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‘A Common Word’ in the News

Christian-Muslim crisis response group to defuse religious tensions

Christian and Muslim leaders agreed on Thursday to set up “rapid
deployment teams” to try to defuse tensions when their faiths are
invoked by conflicting parties in flashpoints such as Nigeria, Iraq,
Egypt or the Philippines. Meeting this week in Geneva, they agreed the
world’s two biggest religions must take concrete steps to foster
interfaith peace rather than let themselves be dragged into conflicts
caused by political rivalries, oppression or injustice.

Among the organisations backing the plan were the World Council of Churches (WCC), which groups 349 different Christian churches around the world, and the Libyan-based World Islamic Call Society (WICS),
a network with about 600 affiliated Muslim bodies. They would send
Christian and Muslim experts to intervene on both sides in a religious
conflict to calm tensions and clear up misunderstandings about the role
of faith in the dispute.

“We call for the formation of a joint working group which can be
mobilised whenever a crisis threatens to arise in which Christians and
Muslims find themselves in conflict,”
the leaders said in a statement after their four-day meeting.  “Religion
is often invoked in conflict creation, even when other factors, such as
unfair resource allocation, oppression, occupation and injustice, are
the real roots of conflict.
We must find ways to disengage
religion from such roles and reengage it towards conflict resolution
and compassionate justice,” said the statement issued in Geneva.

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(Photo: WCC Secretary General Rev. Dr Olav Fykse Tveit at the Nov 1-4, 2010 Geneva conference/WCC – Mark Beach)

Jordan’s Royal Aal al-Bayt Institute for Islamic Thought and the Common Word group
of Muslim scholars promoting interfaith dialogue also backed the plan,
which the scholars have been discussing with several Christian
churches for the past two years.

“Rapid deployment peace teams are clearly needed today in light
of the tragic recent conflicts in Nigeria, Iraq, Egypt and the
Philippines, to name only a few countries,”
said Aref Ali Nayed, director of the Kalam Research and Media centre in Dubai.

Religious clashes are frequent where Nigeria’s Christian south and Muslim north meet. Sunday’s Baghdad church bloodbath
that killed 52 worshippers and police was the worst Islamist attack on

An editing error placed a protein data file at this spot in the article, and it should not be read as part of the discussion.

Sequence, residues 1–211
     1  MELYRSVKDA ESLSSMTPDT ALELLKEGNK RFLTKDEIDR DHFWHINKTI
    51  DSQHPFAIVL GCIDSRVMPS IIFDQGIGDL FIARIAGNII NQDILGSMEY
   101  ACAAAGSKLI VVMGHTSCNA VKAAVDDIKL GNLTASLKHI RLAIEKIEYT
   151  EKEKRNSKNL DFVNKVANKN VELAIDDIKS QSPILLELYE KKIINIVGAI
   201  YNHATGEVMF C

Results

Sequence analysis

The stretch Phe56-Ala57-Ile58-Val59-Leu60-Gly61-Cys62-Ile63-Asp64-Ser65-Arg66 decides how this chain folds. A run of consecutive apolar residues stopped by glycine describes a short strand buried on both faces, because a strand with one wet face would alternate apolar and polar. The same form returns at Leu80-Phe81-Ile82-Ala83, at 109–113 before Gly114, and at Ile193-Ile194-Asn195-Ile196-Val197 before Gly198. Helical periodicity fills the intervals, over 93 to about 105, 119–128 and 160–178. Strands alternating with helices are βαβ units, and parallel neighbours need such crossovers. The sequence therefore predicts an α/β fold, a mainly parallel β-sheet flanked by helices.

Christians in Iraq’s seven-year sectarian war. Egypt’s Coptic
Christians say they face growing intolerance from the Muslim majority. In the southern Philippines, Muslim guerrillas have been fighting for four decades for a homeland separate from the majority Catholic country.

Nayed, who participated in the Geneva meeting, said small teams of
Muslim and Christian experts would be chosen to fly into a conflict
region based on the influence they could have on their coreligionists
among the rival parties.

“If the Anglicans are strong in one country, we would send in
Anglicans. If Catholics are strong in another country, we’ll send in
he said. Muslims would also be chosen for the links
they might have with the local Islamic community. On-the-ground support
for these missions would come from the WCC, which groups most
non-Catholic Christian churches around the world, and the WICS, which
has extensive contacts in Africa and Asia.

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(Photo: Speakers Farid Esack and Aref Ali Nayed at the Nov 1-4 2010 Gebeva conference/WCC – Mark Beach)

The meeting condemned Sunday’s attack on the Baghdad church, saying it “contradicts all religious teachings” and “aimed
at degrading Iraqi people, regardless of their religious affiliation,
and defiling Christian and Islamic sacred places.”

The meeting’s final declaration said the Christian and Muslim organisations agreed to “counter discrimination, abuse of laws and unjust legal restrictions on matters related to religious identity” and refuse “to allow religious or spiritual authority to justify discrimination and exclusion.”

It called for “relevant and balanced education about the religion
of ‘the other’ at all levels and in appropriate formats, in curricula
and text books and the training of religious and community leaders,
teachers, lecturers and researchers, ideally provided by an adherent of
that religion.”
That would include “an interfaith resource book
and joint teaching tools on Islam and Christianity for the use of
religious teachers, imams and clergy, and their translation and
dissemination worldwide.”